Island Packers recommends Santa Cruz Island passengers utilize the National Park Service App for a more complete island experience.
420 + Parks all in one App. Find interactive maps, tours of park places, on-the-ground accessibility information, and more.
Download before you go so you can use it offline at the islands! The app is free and available online at App Store and on Google Play.
55 Years +
Infant (Must Reserve)
Under 3 Years
Santa Cruz Island is the largest of all the Channel Islands (and California!) At over 24 miles long and six miles at its widest, Santa Cruz has over 62,000 acres (96 square miles) and 77 miles of shoreline. Santa Cruz Island lies approximately 20 miles offshore from Ventura Harbor.
Island Packers Travels to Scorpion Anchorage Year Round.
Summer – April through October:
Seven days a week
Winter – December through March:
Tuesday, Friday, Saturday & Sunday
Closed Thanksgiving & 12/25
Santa Cruz Island offers two primary landing sites which the vast majority of guests to the island visit. Both landings are situated on the closer, northern side of the island. Scorpion Anchorage on NPS property, lies on the east end of the island, and Prisoners Harbor to the west, at the border of National Park and The Nature Conservancy property.
Travel time to Scorpion is a little over an hour and Prisoners Harbor, on direct route is about one and a half hours. Frequently, our boats land at Scorpion Anchorage to offload passengers and gear before continuing to Prisoners Harbor. On these trips travel time to Prisoners Harbor can be 2 hours or more with a beautiful cruise along the rugged shoreline of Santa Cruz Island.
Trip Options for Santa Cruz Island
Potable water is available in the campground area. Vault style restrooms are located near the beach and two in the campground area. Picnic tables are located near the beach and in the Visitors Center area. A 31-site campground area begins one mile from the pier and is an easy flat walk.
There is no potable water available at Prisoners Harbor. Vault style restrooms are located near the beach. Picnic tables are located near the pier, and 1.3 uphill miles at the Del Norte trail head. There is no Visitors Center at Prisoner’s. Four 4-man campsites are located 3.5 miles up the trail above the cove with beautiful overlooks. This is back country camping.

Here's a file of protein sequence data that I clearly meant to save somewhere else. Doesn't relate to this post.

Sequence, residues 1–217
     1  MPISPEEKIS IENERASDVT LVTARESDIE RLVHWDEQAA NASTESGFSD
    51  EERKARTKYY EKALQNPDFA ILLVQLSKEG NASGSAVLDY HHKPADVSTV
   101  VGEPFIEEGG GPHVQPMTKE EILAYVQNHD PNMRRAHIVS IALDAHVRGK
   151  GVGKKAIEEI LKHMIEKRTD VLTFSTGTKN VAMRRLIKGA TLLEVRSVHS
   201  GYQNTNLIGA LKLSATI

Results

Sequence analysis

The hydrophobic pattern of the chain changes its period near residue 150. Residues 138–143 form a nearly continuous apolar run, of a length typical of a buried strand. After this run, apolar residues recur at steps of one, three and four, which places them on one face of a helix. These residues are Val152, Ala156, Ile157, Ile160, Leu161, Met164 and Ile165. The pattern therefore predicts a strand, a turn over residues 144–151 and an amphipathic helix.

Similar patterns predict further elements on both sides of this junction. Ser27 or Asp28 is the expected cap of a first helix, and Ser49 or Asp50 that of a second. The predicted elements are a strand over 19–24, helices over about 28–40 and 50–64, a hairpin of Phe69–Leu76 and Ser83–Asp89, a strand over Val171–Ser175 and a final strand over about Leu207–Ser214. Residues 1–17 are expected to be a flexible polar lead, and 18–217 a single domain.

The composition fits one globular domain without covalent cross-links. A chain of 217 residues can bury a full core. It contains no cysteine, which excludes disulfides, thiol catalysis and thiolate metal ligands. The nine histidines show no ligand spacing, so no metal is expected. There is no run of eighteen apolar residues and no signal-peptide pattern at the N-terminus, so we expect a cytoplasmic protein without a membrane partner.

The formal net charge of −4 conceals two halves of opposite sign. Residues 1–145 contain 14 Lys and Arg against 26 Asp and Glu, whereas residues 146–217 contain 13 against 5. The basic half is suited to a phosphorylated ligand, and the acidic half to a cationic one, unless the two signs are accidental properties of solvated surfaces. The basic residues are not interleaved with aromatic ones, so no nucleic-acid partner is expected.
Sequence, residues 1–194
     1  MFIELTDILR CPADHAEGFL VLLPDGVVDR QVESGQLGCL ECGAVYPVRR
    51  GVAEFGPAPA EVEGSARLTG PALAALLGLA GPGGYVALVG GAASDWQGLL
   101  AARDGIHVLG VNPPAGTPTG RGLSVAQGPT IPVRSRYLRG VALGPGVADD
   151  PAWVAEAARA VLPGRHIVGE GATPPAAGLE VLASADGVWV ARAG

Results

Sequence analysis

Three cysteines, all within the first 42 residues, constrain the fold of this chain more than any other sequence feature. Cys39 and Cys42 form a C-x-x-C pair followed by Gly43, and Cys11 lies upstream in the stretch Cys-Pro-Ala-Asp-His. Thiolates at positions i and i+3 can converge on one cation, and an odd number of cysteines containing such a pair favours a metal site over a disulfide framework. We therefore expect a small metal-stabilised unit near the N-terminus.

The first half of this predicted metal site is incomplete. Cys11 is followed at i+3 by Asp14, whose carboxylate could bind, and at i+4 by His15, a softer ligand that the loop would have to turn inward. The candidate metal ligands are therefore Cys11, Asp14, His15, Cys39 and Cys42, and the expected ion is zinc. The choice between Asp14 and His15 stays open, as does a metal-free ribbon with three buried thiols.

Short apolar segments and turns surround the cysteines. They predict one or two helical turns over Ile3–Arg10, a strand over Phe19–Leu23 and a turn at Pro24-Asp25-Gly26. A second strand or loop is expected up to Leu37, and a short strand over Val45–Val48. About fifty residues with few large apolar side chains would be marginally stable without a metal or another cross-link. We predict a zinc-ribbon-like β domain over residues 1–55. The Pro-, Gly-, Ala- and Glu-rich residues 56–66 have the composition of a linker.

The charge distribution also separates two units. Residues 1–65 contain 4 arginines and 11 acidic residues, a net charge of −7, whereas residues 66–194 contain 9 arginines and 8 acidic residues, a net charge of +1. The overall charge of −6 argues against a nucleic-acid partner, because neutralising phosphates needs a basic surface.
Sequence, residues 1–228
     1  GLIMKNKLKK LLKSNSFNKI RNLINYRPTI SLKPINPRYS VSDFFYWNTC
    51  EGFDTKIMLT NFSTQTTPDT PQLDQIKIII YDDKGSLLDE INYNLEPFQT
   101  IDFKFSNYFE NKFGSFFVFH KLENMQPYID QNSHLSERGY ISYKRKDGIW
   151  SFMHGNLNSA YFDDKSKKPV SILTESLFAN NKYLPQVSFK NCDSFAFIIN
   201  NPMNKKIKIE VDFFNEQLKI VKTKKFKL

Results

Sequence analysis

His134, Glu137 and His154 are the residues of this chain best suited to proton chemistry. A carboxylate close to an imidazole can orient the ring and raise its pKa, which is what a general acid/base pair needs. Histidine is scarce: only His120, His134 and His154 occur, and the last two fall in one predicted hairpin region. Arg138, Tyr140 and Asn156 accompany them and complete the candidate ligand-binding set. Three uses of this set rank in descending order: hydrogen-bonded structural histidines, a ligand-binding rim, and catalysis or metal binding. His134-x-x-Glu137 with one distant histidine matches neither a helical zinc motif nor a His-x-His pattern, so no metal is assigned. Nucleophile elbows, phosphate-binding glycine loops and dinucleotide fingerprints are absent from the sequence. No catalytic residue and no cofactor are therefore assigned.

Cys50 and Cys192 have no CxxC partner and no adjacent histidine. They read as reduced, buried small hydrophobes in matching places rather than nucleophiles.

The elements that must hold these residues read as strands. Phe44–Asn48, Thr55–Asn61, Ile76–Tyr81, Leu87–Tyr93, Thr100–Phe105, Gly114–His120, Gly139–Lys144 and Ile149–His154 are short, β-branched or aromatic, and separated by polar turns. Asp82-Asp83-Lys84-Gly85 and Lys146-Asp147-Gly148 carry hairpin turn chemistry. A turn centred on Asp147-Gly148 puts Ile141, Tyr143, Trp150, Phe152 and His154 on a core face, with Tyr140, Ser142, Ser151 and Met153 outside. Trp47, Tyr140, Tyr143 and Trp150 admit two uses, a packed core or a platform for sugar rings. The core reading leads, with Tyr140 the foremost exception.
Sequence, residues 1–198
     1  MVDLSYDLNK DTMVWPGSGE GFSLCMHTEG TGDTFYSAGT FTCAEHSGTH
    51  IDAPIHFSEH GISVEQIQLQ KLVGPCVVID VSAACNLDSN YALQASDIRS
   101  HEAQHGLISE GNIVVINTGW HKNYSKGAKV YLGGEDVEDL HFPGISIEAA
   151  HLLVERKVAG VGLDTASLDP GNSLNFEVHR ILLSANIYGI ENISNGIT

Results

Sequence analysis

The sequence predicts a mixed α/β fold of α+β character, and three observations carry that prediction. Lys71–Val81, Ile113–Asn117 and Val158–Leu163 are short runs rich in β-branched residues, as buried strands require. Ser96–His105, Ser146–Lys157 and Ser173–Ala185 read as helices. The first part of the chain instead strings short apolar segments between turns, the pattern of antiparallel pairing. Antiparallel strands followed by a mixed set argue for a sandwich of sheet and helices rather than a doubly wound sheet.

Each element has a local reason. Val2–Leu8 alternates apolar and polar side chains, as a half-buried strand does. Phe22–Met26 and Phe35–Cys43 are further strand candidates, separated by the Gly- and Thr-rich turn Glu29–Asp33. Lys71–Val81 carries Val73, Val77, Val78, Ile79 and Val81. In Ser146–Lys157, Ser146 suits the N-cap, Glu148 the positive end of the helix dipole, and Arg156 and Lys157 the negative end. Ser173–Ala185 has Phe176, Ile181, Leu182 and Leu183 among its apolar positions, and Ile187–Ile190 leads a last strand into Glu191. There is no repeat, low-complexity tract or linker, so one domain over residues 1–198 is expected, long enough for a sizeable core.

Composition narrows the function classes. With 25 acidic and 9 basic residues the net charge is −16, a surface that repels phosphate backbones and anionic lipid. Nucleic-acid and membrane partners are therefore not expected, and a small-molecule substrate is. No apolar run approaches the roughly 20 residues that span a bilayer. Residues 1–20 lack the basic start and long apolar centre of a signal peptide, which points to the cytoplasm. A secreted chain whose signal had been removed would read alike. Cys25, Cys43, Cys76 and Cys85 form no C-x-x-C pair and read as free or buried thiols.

You can view the endemic Santa Cruz Island Scrub Jay year-round: an easy stroll up the dirt road to the old stream bed at Prisoners Harbor or a rugged hike up Scorpion Canyon should provide a viewing opportunity year-round.
At over 96 square miles, Santa Cruz is the largest island in the Park. Santa Cruz includes three mountain ranges; the highest peak of all the Channel Islands (Mount Diablo rising above 2000 feet,) a large central valley/fault system, deep canyons with year round springs and streams, and 77 miles of craggy coastline cliffs, giant sea caves, pristine tide pools and expansive beaches.
Flora & Fauna
These varied land forms support a wide variety of plant and animal species. More than 600 plant species have been documented in ten different plant communities from marsh and grasslands to chaparral and pine forests. There are 140 species of land birds, 11 land mammal species, three amphibian and five reptile species. Large colonies of nesting sea birds, breeding seals and sea lions, and other diverse marine plants and animals can often be seen during transit to the island and from mainland.
From millions of years of isolation, many distinctive plants and animal species have adapted to the island’s unique environments. Notably, the island scrub-jay, the Santa Cruz Island fox and eight plant species are found on Santa Cruz and nowhere else in the world (endemics).
The island is exceptionally rich in cultural history with evidence of over 13,000 years of Chumash Indian habitation and over 150 years of European exploration.
Remnants of the ranching era also can be seen throughout the landscape of the island. Adobe ranch houses, barns, blacksmith and saddle shops, wineries, and a chapel all attest to the many uses of Santa Cruz in the 1800 and 1900s
December – Mid February
December through mid- February, southbound migrating Gray Whales can often be observed from Cavern point on East Santa Cruz or the bluffs of Mid Santa Cruz as the whales pass near the island. During the northbound direction of their journey, they frequently pass closer to the mainland.
December through Mid April many channel crossings provide the opportunity to view gray whales.
February – April
February through April, the grasslands of Santa Cruz Island are green and the native flowers in bloom. Scorpion Canyon and the Potato Harbor trail are excellent places to see wildflowers. The Prisoners Harbor to Pelican Bay trail has some of the best wildflower displays on the island. Intensity and duration of the bloom differs a bit each year due to varied rainfall and temperature.
Many Channel crossings this time of year include Gray Whale sightings.
May – September
Sea conditions during summer and early fall are often ideal for kayaking and snorkeling. Sea temperatures during warmer months may reach the upper 60’s. Endemic island wildflowers including island buckwheat and asters are in bloom.
During summer months, there is a chance to see Blue or Humpback Whales in the deep water, during travels to and from Santa Cruz Island.
October – November
A late “Second Summer” season is often enjoyed on the Channel Islands. Sea conditions are generally agreeable, crowds are fewer and pleasant weather is the norm. Locals often wait for October to head out to the islands.